"Dishalicious is the story of Serena Gold, who reluctantly works at Celeb: the most notorious magazine/tabloid (depending on who you’re talking to) in the business, for the most notorious editor in the business, Penny Sapp. When Serena gets a hot tip about the breakup of Hollywood’s most gorgeous and revered golden couple, she needs to decide: does she use the story to get her coveted byline or does she bury the tip and rise above the muck that is Celeb magazine? And will she ever manage to bring down Penny and get her dream job at Vogue—inquiring minds want to know….
Along the way, Serena finds love, helps found a fabulous doggy rescue charity, and goes shopping, shopping, shopping. Dishalicious is “chic” lit in the tradition of Nanny Diaries and Bergdorf Blondes, chockfull of references to the very most glamorous side of life—from Chanel to Choo to Cavalli."

I didn’t take the job at Celeb with the intention of writing a tell-all, which is what most people seemed to think. The unadorned truth is that I’d really wanted the job; was, in fact, desperate for an editorial job, any old job. It was shortly after 9-11, and most everyone’s creative career prospects were dismal. I thought it would be a sort of grown-up adventure. A lark even. Me work sixty or seventy hours a week? Sure, fine, bring it on. I’d be one of those productive mopes with a right to complain about how much I worked. So I took this job as a research editor for this Godawful tabloid that routinely wrote ridiculous stories based on information gleaned from drug-addled tipsters, celebrities’ trash bins, so-called friends of stars and spies sent out to stalk the superstars. I hated every single drawn-out second of working at Celeb. It was the type of job where, if you wanted to get through the day, you had to check your morals at the door and accept the fact that you were contributing to the downfall of Western civilization.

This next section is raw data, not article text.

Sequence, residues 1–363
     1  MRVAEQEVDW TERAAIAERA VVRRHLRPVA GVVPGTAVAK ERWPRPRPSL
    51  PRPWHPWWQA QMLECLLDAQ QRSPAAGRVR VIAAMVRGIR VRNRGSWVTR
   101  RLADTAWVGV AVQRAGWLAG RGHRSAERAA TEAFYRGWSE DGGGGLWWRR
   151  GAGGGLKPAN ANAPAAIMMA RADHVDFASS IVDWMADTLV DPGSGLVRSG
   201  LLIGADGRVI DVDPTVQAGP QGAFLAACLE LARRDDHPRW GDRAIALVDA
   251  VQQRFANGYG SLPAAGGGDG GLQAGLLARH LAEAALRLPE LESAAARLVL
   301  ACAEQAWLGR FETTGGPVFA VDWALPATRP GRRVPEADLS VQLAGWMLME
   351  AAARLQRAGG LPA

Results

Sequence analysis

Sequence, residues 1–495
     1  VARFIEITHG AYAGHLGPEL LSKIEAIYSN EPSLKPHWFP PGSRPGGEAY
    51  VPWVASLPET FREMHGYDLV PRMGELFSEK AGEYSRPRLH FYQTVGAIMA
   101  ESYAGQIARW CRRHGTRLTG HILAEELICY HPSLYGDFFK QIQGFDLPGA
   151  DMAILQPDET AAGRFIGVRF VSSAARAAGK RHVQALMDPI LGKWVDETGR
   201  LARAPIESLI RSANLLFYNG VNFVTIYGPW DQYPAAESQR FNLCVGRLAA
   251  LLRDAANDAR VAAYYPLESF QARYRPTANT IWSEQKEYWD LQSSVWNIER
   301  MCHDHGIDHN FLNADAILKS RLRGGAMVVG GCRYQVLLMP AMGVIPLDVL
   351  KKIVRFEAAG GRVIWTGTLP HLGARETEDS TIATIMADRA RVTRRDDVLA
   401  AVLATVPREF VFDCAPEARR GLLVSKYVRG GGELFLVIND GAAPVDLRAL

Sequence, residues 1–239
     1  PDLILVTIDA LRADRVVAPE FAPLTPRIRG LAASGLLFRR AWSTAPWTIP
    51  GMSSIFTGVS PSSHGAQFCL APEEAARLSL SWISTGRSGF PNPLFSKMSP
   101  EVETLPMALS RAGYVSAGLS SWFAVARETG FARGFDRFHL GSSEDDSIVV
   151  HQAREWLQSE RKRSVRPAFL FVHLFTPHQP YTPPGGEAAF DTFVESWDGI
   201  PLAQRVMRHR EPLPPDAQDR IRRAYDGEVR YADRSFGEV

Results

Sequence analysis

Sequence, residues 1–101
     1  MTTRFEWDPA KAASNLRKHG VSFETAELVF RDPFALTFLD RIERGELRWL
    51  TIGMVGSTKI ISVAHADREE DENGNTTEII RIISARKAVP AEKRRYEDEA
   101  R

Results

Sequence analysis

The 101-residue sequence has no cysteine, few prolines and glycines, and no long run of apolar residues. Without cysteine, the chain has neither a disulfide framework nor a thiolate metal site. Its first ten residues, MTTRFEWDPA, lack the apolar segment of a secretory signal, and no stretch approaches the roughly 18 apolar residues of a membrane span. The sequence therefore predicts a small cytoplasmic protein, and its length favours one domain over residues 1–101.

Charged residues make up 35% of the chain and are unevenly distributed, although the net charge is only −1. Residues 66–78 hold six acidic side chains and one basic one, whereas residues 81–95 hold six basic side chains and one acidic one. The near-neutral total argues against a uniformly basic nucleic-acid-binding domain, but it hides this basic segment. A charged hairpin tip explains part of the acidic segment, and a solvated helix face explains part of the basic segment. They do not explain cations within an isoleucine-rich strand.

So I sucked up my pride, my highfalutin morality for eight interminable months and then I simply had enough. I’d gone to work there at the time that a very famous, yet hated editor had taken over, so things were insane from the day I was hired. I’m the type of person who’s always kept a diary and written down nearly everything of interest in my life. In May, I went on what the media later dubbed a “three-week writing binge.” Actually, it was more of a month-long purge. I purged my mind and body of all the words that had accumulated over time and come to make up my being. I poured them out into a story that I always wanted to tell—a story that encompassed my family’s history, my philosophy and my social critiques of the media and New York society in general. And, much to my own surprise, I ended up with a cohesive manuscript. Surely the writing was the hardest part, no?

Chapter 2
So then, I was trapped in a hurricane-induced blackout, rejected by nine New York publishers and sued by a multimillion dollar corporation within the same week. Happy fucking birthday! The week had sprouted tinged with optimism, but had concluded with me completely gutted and utterly despondent. Not to mention shocked, overwhelmed and anxious. I was a 29-year-old, unemployed, Jewess, completely dependent upon my generous parents, how could I possibly handle a serious legal and fiduciary matter that had the potential to derail not only my novel that the lawsuit was centered around, but my entire professional persona? Yes, I’d wanted the press. The stories in the Post, Women’s Wear Daily and Page Six were nice mementos. WWD was especially meaningful, as fashion has always played a significant role in the lives of the women in my family. I courted the controversy at first. I knew I would have to in order to generate buzz around my dime-a-dozen chick-lit tome. I knew how the press worked and I manipulated it to the best of my ability, and then, natch, it backfired. And now I found myself with a manuscript and a life in limbo, my fate in the hands of the Hon. Joan A. Madden of the New York State Supreme Court.